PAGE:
UN envoy on sexual violence in conflict urges protection of survivors released from ISIL-held Mosul

A gender-based violence caseworker (right) listens to a refugee. Photo: UNICEF/ Khamissy

12 July 2017 – The United Nations official advocating against the use of sexual violence in conflict today urged all Iraqis to shun stigmatization, and called for women and girls returning from Islamic State of Iraq and the Levant (ISIL/Da’esh) captivity to be embraced into their communities and supported, especially if they have children as a result of rape.

The Special Representative of the UN Secretary-General on Sexual Violence in Conflict, Pramila Patten, urged “all relevant stakeholders to ensure the return of women and girls from Da’esh captivity in safety and dignity,” in a statement.

The Under-Secretary-General also called on everyone to welcome the women and girls back into their communities and to support them in healing, as well as “to address all their human rights protection needs, in particular those of children born to survivors of rape.”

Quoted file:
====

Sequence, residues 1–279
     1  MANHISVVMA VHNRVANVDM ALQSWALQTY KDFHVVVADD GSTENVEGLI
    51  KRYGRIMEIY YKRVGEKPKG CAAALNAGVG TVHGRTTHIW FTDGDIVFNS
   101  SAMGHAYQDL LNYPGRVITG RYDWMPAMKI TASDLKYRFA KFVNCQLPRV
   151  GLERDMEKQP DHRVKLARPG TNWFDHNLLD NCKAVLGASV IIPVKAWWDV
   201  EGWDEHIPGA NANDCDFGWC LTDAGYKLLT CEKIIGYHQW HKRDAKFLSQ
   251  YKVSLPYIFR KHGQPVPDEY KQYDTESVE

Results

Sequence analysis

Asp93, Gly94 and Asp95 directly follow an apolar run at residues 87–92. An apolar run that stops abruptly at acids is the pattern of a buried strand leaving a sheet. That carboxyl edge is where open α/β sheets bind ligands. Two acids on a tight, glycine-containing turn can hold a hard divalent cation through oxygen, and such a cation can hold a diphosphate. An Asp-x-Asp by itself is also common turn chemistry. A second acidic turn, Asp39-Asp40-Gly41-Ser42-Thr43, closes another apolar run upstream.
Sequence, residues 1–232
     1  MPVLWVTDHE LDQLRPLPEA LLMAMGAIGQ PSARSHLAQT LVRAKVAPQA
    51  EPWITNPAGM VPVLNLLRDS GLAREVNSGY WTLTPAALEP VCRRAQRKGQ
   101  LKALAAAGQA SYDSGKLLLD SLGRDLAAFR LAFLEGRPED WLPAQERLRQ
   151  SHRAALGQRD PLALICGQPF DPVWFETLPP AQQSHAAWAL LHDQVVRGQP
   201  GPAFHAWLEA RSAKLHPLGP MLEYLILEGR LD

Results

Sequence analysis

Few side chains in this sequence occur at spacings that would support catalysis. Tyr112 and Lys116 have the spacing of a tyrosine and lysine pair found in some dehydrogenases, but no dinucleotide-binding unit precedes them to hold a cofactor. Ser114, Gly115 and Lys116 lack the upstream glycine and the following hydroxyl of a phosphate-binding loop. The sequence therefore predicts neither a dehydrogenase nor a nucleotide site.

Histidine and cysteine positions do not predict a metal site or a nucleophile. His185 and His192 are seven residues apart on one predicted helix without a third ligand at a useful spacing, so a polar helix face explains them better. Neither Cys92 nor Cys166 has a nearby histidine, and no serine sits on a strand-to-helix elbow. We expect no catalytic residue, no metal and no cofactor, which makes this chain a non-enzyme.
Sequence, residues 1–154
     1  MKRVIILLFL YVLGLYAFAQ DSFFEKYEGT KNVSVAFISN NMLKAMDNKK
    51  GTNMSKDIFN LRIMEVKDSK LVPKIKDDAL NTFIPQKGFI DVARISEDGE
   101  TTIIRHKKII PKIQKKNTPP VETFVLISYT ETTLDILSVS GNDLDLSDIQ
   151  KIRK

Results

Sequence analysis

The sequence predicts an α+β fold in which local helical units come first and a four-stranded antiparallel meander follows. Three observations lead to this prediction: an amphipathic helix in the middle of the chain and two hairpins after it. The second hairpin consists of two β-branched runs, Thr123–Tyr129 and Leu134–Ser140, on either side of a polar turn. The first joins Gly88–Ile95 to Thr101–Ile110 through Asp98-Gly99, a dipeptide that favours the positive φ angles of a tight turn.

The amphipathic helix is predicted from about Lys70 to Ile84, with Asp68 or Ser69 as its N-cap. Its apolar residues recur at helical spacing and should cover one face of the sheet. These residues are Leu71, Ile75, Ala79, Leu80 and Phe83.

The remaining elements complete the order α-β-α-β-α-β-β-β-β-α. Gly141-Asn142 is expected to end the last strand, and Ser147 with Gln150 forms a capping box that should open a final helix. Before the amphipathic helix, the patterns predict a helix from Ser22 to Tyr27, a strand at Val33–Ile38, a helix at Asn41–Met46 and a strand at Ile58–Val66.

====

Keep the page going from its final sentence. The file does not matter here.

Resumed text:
Ms. Patten commended the efforts of religious leader in issuing public statements in support of the women and girls, and urged them to continue working within the communities to promote acceptance of the children.

The Special Representative’s Office has been working with the Government of Iraq, including the Kurdistan Regional government, to implement a joint communiqué on prevention and response to conflict-related sexual violence signed in September 2016.

Meanwhile, the UN World Food Programme (WFP) today said that it is working to support almost one million people displaced from Mosul during the nine months of violent conflict.

Sally Haydock, WFP Representative and Country Director in Iraq, said “while we have done our best to support those who arrived to camps weak and hungry, our hearts go out to the thousands of people who lost their lives.”

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